In the lungs, this type of mucus traps bacteria and other microbes eventually leading to lung infections.

Understanding your results

Cystic fibrosis, is an autosomal recessive genetic disease.

This means the disease will only manifest in individuals who receive two mutated copies of the CFTR gene (one from each parent) will get the disease.

More than 500 known mutations of the CFTR gene have been documented to cause cystic fibrosis, although most of them are rare.

How To Analyze Your APOE Gene With Your DNA Raw Data?

What can you do if you have the cystic fibrosis variants?

Though cystic fibrosis can be diagnosed using genetic testing, there are other ways to detect this disease.

These include newborn screening, a sweat test, and clinical evaluation.

Since cystic fibrosis runs in families, couples thinking of having children can take a genetic test and evaluate their results by consulting a physician or genetic counselor.

If the genetic test reveals that you are a carrier of the disease variants, it might be useful to share your result with your family members to help them understand their risk of developing the disease.

Consulting a genetic counselor is always helpful in such cases.

Is cystic fibrosis population specific?

Though there are about 500 mutations known for the genes, the genetic tests done for cystic fibrosis help detect only the most common ones.

Incidence of Cystic Fibrosis

               Source: Research Gate

There are more than 70,000 people living with cystic fibrosis in the world today.

In African-Americans and Hispanic-Americans, the carrier rates are 1 in 65 and 1 in 46, respectively.

However, CFTR mutations are much rarer in Asians — with an incidence of 1 in 90.

It is also interesting to note that 1 out of 29 Caucasians, including Ashkenazi Jews, carry one copy of a CFTR mutation.

How is cystic fibrosis inherited?

Since cystic fibrosis is inherited in a recessive manner, an individual must have two copies of the recessive gene, one inherited from each parent.

This means that both parents must have at least one copy of the defective variant.

Individuals with just one copy of the gene are called carriers and do not themselves suffer from the disease.

The effects of having a combination of two different mutations also vary.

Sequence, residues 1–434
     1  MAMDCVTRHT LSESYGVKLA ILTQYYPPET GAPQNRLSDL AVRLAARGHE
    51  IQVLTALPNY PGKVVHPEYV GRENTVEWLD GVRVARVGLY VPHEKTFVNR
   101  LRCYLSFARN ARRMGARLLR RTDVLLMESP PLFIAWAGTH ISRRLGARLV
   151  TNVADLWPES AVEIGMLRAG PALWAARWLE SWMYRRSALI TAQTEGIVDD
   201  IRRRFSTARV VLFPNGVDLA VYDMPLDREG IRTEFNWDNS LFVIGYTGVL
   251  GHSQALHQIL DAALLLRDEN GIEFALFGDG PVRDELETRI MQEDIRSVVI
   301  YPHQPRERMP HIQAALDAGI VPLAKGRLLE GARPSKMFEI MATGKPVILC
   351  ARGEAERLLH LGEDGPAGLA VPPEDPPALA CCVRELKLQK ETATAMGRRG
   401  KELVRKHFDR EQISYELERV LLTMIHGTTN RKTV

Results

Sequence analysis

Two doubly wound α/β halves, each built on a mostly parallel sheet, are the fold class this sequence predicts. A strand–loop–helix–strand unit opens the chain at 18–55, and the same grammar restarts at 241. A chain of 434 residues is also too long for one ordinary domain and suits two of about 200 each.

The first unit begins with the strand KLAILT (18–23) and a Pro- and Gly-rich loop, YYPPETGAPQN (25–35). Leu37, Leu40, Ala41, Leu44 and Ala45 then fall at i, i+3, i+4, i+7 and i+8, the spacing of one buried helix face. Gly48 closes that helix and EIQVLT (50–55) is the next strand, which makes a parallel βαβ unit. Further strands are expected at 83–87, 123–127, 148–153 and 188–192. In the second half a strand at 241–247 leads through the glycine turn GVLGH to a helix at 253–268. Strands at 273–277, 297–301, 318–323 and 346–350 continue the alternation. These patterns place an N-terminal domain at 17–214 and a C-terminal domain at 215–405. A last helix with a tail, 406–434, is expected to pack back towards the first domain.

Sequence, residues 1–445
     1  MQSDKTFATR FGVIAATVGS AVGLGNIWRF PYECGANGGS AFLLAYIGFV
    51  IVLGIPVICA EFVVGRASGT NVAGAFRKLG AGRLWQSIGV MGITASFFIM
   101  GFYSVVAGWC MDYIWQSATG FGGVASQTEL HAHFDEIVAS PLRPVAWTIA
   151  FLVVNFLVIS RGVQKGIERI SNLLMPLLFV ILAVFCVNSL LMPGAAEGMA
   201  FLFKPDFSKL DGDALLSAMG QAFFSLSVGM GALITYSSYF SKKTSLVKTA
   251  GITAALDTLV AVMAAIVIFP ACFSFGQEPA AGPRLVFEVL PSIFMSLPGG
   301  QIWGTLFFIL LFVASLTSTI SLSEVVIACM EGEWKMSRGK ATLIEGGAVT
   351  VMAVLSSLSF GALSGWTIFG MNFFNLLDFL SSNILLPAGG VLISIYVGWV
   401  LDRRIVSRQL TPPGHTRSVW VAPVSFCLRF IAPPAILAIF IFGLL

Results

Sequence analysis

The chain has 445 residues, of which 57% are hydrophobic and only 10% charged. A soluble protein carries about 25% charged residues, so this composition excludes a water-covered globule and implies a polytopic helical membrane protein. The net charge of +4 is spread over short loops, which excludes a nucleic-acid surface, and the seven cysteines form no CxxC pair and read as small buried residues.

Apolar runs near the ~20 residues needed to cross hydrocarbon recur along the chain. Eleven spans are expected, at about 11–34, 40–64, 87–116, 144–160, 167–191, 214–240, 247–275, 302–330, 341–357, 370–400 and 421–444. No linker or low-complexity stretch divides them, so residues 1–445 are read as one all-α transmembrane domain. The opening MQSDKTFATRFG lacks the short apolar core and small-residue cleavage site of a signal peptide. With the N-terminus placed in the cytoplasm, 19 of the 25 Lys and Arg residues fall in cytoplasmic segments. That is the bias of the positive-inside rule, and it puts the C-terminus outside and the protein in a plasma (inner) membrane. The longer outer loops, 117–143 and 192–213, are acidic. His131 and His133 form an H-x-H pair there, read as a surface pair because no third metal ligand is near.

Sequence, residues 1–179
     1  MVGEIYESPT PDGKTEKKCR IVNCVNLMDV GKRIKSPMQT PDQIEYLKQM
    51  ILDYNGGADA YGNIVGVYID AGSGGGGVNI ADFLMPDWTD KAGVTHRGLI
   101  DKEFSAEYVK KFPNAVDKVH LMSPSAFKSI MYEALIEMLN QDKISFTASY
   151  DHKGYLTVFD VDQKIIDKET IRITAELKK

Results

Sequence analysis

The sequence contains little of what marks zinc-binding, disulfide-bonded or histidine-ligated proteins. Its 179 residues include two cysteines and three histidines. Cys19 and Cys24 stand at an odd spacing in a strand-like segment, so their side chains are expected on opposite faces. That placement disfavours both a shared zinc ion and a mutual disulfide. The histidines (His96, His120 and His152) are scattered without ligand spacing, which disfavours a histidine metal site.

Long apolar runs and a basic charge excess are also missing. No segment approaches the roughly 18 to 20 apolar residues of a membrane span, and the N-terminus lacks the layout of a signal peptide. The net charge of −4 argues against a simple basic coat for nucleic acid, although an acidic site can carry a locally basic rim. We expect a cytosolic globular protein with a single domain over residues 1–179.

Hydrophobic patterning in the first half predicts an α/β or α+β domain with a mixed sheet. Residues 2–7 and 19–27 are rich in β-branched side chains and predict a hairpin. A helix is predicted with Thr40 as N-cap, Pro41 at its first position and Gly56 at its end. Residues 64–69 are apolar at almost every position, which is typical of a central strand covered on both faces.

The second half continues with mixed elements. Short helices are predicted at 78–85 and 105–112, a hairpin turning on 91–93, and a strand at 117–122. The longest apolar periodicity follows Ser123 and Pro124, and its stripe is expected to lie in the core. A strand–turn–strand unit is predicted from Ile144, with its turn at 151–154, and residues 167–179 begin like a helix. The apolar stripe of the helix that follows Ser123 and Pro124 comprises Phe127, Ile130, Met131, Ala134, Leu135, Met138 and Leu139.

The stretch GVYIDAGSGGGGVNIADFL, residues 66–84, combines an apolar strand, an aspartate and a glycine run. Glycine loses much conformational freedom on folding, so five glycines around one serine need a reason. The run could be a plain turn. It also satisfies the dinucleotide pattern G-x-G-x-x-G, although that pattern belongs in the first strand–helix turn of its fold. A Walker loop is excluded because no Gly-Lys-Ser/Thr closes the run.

Inheriting cystic fibrosis

          Source: Virtual Medical Centre

Sometimes, a person who has two mutated copies of CFTR might suffer from severe lung and pancreatic disease.

In other cases, lung function may be almost normal but there might be some pancreatic effects.

In some rare cases, there might be only reproductive system effects with little or no noticeable symptoms at all.

Hand-Picked article for you: Have Your 23andMe Raw Data? Use It To Get 500+ Health-Realted Genetic Traits!

How do CFTR mutations affect the reproductive system?

One of the reproductive system effects of CFTR mutation is a congenital bilateral absence of the vas deferens (CBAVD).

Men who have been diagnosed with a low sperm count might be suffering from one CFTR mutation that they should be aware of, as this could be the reason for their infertility if they carry a second, unreported mutation on the other copy of the CFTR gene.

If you are concerned about this, you must consult a health professional.

Which is the most common CFTR gene mutation?

One relatively common CFTR mutation is the deltaF508 mutation.

Individuals with two copies of this mutation have more severe symptoms than those with one copy of this mutation and a copy of another CFTR mutation or two non-deltaF508 mutations.

Can you do a newborn screening for cystic fibrosis?

In many cases, when cystic fibrosis is suspected in newborns, they are screened by assessing the level of a certain enzyme in dried spots of blood.

Other tests are done on babies who test positive for this test in order to rule out or confirm the diagnosis of cystic fibrosis.

In the United States, all newborns are screened for cystic fibrosis as a general rule.

What are the treatment options for cystic fibrosis?

It is important to know which mutation or mutations cause cystic fibrosis in a person as this helps explore the available treatment options.

Today, the treatment of cystic fibrosis focuses primarily on unfixing the mucus, treating infections and supplying adequate nutrition.

In individuals with the G551D mutation, the drug ivacaftor is available for directly treating the dysfunctional CFTR protein.

Currently, the possibility of using ivacaftor for treating CF patients with a handful of other CFTR mutations is being studied. However, it is quite unlikely it would be an effective treatment for the deltaF508 mutation.

Does the 23andMe raw data have the cystic fibrosis mutations?

  1. DeltaF508 variant 
  2. DeltaI507 variant 
  3. G85E variant 
  4. R334W variant 
  5. R347P/H variant 
  6. A455E variant 
  7. V520F variant 
  8. G542X variant 
  9. S549N variant
  10. G551D variant
  11. R553X variant
  12. R560T variant
  13. R1162X variant
  14. W1282X variant
  15. N1303K variant
  16. 394delTT* variant
  17. 621+1G>T variant
  18. 711+1G>T variant
  19. 1078delT variant
  20. 1717-1G>A variant
  21. 1898+1G>A variant
  22. 2789+5G>A variant
  23. 3120+1G>A variant
  24. 3659delC variant
  25. 3905insT* variant
  26. 3849+10kbC>T variant

You can order your Carrier Status Report here

Sources:

  1. Fast Facts About Cystic Fibrosishealthline.com
  2. ResearchGate
  3. https://blog.23andme.com/tag/cystic-fibrosis/